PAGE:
Giyeonggak was constructed in 1696 by priest Hyeoneung after King Sukjong asked the priest to pray for the birth of a son to
succeed him. While the woman that presumably did most of the work isn’t mentioned, Yeongjo’s birth was supposedly the
result of the praying. Although the building has been renovated twice recently (1974 and 1983), the style is typical
of the late Joseon Dynasty period during which it was built.
Pagyesa is quite peaceful – definitely worth the uphill hike. Because of its relative unknown status, you’re likely to be the
only foreigner within the area. If headed to Palgongsan Park, bear in mind the areas worth seeing are really spread out on the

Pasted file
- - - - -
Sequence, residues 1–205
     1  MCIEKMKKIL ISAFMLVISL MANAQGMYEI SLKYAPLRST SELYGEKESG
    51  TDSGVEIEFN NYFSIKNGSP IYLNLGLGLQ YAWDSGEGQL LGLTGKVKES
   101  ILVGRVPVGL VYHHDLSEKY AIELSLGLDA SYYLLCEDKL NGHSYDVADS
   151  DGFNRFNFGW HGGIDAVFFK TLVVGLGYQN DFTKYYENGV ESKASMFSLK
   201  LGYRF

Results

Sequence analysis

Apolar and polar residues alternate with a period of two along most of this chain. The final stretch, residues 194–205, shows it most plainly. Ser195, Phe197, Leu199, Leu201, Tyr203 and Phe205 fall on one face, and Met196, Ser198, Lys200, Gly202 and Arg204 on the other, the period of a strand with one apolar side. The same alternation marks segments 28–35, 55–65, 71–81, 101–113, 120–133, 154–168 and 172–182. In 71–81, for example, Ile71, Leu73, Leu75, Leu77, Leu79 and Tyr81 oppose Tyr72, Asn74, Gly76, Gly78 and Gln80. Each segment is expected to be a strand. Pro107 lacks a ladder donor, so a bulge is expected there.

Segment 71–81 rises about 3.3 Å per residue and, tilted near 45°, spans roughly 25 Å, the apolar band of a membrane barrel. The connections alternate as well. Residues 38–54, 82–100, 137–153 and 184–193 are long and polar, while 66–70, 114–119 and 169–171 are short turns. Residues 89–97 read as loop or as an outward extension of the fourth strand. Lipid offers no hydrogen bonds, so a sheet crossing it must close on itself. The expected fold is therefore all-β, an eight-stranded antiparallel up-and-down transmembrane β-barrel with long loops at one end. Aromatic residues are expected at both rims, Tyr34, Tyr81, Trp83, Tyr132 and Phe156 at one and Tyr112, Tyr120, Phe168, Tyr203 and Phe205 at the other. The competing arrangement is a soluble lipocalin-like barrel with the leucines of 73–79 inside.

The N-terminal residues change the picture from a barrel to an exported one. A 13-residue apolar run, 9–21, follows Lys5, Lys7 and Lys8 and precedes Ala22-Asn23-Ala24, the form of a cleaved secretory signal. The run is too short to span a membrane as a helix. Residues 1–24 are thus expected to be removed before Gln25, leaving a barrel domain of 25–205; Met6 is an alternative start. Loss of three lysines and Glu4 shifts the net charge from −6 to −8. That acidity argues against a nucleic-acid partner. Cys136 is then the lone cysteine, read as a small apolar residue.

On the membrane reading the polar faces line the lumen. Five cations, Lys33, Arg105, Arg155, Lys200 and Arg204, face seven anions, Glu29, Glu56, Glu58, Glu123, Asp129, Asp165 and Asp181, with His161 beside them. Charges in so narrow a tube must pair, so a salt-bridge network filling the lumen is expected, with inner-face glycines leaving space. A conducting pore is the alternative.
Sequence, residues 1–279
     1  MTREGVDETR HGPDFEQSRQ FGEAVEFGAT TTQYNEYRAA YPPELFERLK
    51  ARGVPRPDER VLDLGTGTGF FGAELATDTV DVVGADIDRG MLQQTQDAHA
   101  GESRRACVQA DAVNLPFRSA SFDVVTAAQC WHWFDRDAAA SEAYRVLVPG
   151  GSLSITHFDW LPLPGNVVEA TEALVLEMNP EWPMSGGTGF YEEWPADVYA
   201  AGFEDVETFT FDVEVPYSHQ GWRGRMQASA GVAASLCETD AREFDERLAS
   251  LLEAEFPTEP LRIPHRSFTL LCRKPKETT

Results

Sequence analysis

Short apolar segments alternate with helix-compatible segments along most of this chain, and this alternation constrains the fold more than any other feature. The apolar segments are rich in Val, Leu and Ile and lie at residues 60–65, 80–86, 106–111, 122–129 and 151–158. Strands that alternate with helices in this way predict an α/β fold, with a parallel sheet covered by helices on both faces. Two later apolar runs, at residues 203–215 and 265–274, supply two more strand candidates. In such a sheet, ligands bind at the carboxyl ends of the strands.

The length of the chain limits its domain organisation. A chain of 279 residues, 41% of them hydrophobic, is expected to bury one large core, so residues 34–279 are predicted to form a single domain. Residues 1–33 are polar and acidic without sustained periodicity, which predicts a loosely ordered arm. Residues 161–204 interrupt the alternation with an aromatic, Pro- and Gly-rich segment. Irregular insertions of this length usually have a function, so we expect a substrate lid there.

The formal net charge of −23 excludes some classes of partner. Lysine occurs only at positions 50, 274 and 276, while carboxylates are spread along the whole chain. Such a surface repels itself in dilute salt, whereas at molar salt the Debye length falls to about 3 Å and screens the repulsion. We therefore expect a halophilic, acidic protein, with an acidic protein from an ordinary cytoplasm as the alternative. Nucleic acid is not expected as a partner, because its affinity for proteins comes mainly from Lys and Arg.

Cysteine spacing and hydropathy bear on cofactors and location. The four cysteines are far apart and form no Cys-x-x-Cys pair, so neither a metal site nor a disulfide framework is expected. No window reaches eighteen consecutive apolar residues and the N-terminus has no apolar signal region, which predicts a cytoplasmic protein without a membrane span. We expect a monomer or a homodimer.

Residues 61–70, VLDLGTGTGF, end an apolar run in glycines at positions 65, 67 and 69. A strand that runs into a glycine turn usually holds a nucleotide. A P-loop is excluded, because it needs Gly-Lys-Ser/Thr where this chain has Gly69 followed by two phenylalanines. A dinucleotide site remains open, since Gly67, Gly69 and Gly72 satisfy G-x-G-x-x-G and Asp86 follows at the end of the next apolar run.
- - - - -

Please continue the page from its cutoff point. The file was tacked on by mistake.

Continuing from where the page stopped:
mountain. You really have to set out to see a specific site instead of just going to the general area.
Stock up on snacks at the Family Mart by the bus parking lot; once you’re climbing the mountain there’s very little else available.
Directions to Pagyesa: Take Line 1 of the Daegu subway system to Ayanggyo Station. Take exit 2 to street level, then walk 1
metre to the bus stop. Get on bus 101, 101-1, or express bus 1 – all will end up at a bus parking lot at the base of Palgongsan
Provincial Park. The same buses also run from Dong Daegu or Daegu subway station if you’re in those areas. From the bus parking
lot, it’s a steep but manageable 1.1 kilometre hike to the entrance of the temple.
Admission: 1,000 won.
To see Chris’ original review and all his pictures,
visit his blog page.